A Broader View on Substance Use

I am sitting at my desk waiting for my first patient and scratching my head at the number of notifications I have received about a drug and substance use prevention program to be held in this community in the coming days. I believe that we need many such programs but I cannot fathom what the goal of this event is. Excuse my cynicism, but 30 years ago a medical colleague and I were asked to develop a program for third through eighth graders on personal safety which included a major segment on how to avoid using illicit substances. The program was government funded and designed for yeshiva students. Thirty years ago only one local yeshiva allowed the program. Many of the other school principals the program was offered to did not respond to the offer and those that did smugly stated that they either did not have a problem or whatever problem they had was being handled internally. Since then some shuls have banned hard liquor on their premises and, to their credit, some schools have had assemblies once a year to discuss substance use with their students.

None of the interventions have curtailed the explosive use of alcohol and drugs in our communities.

Twenty years ago, I presented a detailed overview on the topic of addiction to parents at a local school. We discussed warning signs where and how to get help if there was a particular concern or indication of a problem and how the local police might assist. The program was mandated by the secular studies principal of the school for all parents. Only about half of the parent body attended. Similarly, just three years ago I was asked to do another program for a different Yeshiva in another community. This program, cosponsored by local shuls drew only about 25 percent of the mandated parents. “It’s not that parents don’t care” one of the attendees told me, “It’s just that they have so much to do.” I have children, I would find the time to attend a school mandated event. I don’t understand the excuse.

Here, however, is the bigger issue. I have always maintained that the problem is not just the teenagers, or even the 11-year-olds who I have seen getting drunk. It is the parents and the communities.

Go to any wedding or bar mitzvah party and see how much liquor is consumed. Not just whiskey, but single malt, $100 a bottle variety. I have been to more than one wedding where, even before the wedding ceremony begins, many of the young guests were throwing up from too much alcohol.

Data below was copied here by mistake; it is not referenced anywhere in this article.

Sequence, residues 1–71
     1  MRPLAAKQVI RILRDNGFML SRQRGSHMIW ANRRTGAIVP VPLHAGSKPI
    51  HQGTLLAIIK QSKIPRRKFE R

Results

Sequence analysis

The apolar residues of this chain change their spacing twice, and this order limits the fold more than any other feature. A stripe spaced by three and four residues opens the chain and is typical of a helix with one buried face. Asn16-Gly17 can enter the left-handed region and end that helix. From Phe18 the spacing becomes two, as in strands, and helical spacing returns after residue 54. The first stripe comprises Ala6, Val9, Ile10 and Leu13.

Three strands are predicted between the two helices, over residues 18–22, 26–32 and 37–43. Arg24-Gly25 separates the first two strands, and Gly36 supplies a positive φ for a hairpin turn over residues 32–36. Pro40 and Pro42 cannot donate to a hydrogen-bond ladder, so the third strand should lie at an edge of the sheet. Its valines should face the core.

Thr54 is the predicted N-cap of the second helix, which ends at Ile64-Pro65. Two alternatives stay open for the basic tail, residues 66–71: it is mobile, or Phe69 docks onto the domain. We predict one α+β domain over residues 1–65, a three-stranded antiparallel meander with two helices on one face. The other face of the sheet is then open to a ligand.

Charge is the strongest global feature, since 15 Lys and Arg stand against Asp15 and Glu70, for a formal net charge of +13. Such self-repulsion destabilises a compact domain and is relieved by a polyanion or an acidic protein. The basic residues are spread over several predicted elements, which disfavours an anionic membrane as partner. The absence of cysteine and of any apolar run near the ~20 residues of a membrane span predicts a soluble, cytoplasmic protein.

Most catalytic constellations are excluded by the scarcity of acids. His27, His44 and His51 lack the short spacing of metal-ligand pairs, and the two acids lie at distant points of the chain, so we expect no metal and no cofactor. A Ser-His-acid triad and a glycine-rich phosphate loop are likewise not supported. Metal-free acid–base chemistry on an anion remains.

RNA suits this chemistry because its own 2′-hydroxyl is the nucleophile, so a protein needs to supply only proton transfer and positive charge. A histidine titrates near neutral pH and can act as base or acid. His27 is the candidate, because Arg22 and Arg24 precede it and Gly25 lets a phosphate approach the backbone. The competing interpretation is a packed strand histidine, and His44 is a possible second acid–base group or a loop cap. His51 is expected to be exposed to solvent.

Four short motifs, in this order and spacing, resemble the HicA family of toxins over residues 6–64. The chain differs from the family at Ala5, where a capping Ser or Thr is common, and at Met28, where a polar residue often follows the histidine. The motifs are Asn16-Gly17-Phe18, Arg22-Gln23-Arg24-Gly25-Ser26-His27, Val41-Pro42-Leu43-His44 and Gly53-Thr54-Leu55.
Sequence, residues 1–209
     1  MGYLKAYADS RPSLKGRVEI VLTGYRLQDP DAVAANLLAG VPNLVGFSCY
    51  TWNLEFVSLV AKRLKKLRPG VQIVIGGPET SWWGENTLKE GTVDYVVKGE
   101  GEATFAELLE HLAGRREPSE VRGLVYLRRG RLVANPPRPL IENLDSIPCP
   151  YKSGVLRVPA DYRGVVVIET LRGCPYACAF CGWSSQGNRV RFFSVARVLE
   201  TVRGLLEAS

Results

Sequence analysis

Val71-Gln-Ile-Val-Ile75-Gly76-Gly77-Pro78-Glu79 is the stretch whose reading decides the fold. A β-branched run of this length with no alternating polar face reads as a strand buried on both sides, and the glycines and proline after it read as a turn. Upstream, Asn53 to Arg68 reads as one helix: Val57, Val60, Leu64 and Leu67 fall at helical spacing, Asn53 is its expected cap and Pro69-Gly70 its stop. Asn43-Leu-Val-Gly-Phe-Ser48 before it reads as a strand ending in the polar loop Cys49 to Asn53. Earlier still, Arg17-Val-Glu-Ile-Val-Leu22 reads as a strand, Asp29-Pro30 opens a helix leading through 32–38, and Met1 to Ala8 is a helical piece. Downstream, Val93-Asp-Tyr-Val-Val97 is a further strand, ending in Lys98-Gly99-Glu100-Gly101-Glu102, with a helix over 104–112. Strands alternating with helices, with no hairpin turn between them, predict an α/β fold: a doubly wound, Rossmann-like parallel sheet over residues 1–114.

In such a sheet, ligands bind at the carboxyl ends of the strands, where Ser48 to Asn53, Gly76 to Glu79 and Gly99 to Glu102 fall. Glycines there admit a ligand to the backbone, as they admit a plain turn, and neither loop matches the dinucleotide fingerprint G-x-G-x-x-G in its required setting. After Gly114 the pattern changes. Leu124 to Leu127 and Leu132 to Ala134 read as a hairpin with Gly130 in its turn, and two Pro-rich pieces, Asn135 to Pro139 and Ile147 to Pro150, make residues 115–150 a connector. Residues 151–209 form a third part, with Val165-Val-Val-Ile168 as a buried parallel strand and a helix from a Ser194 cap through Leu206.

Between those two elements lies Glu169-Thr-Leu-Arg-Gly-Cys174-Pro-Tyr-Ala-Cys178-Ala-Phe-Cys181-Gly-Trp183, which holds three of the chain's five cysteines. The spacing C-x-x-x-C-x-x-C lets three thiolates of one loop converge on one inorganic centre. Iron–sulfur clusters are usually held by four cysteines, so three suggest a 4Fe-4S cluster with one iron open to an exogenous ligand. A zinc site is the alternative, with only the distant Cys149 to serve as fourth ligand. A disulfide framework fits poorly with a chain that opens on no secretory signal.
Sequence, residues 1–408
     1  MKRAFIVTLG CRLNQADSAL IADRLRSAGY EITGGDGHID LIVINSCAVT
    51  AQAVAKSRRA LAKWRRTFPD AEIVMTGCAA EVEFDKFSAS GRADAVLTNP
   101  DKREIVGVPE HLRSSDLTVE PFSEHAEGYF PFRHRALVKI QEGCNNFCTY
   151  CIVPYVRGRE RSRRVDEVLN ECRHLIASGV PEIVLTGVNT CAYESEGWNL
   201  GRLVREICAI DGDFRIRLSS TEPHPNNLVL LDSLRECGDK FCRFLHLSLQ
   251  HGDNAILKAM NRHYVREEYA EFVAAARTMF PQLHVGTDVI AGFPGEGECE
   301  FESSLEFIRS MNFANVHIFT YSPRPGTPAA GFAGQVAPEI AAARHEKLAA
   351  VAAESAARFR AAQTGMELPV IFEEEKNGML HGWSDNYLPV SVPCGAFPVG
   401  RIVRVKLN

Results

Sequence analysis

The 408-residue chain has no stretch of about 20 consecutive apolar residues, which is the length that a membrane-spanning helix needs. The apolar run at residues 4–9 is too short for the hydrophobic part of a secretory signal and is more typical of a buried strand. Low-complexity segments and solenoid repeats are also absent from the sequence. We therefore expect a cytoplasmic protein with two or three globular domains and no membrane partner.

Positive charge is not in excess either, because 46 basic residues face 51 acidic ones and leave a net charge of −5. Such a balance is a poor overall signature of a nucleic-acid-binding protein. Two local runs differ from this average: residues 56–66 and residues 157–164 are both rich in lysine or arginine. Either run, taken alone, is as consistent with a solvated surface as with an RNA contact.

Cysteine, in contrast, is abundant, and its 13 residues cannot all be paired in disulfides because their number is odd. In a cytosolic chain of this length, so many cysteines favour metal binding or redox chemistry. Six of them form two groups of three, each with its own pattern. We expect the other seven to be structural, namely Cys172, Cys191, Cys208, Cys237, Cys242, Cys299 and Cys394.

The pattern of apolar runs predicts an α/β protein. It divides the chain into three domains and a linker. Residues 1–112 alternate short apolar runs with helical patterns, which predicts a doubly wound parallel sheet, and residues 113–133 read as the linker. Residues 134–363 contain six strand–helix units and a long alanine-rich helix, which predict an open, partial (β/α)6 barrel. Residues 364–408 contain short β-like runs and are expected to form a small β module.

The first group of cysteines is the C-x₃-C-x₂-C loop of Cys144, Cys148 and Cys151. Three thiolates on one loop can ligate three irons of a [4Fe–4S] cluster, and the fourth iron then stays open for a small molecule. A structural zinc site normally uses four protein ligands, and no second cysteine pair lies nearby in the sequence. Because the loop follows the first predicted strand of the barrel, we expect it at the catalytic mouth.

Parents boast to their friends about sacramental wines they have found. The varietals flow like water at the Shabbat table.

Even more disturbing is the easy access children have to their parents medicines. How did the 12-year-old boy know which pill to take from his mother’s medicine chest, and crush and snort it for maximum effect? More importantly, why would he do it?

It is far too easy to blame the children who are bad influences and the media. We tend to seek out easy scapegoats. It is easier to place blame elsewhere than to look at ourselves. Children tend to mimic adults, particularly parents. If it is alright for a parent to get so drunk on Simchat Torah or Purim that they throw up on their lawn or that three or four bottles of wine are drained at every Shabbat meal the example becomes a standard to be followed. And yet, there is more.

Many teenagers can be attracted to substances because they want to belong to something. They may want to experiment because teens feel invincible. Or, they may not feel quite right and drugs allow them to feel better. In one recent situation an adolescent started using drugs because she told me “I feel more human when I use them.” After some assessment we found that she had a significant anxiety disorder with panic attacks. She told me that she had discussed her feelings with her parents many times. “They just said to get over it.” I asked the parents if that were true. They admitted, yes. Why? Because they were afraid that if this child had a diagnosed disorder it would impact the family and make it difficult to find a shidduch for all their children. They also admitted that they tended to have a drink of alcohol daily, two to three times daily. In another situation an 8-year-old child asked me why his parents always take pills or smoke. I have numerous examples. They all point to the need for parents to honestly address their own addictive tendencies.

There is another angle as well. The community leaders who tend to trivialize or, at best, minimize the problem give cover to drug users and alcoholism. AA and NA meetings are filled with people attempting to stay in recovery but very few of those meetings are ever held in a shul. You can find the meetings in community centers and churches but rarely in a Jewish place of worship. We can only confront the problem when we accept that it is a problem for us too.

I welcome the community’s attempt to begin finally addressing the issue of substance use. I just hope that the impact is broader, more wide ranging, more about all the issues and not about finger-pointing.

About the Author
Dr Michael Salamon, is a fellow of the American Psychological Association and a 2018 APA Presidential Citation Awardee. He is the founder and director of ADC Psychological Services in New York and the author of numerous articles, several psychological tests and books including "The Shidduch Crisis: Causes and Cures" (Urim Publications) and "Every Pot Has a Cover" (University Press of America). His newest book is called "Abuse in the Jewish Community: Religious and Communal Factors that Undermine the Apprehension of Offenders and the Treatment of Victims."
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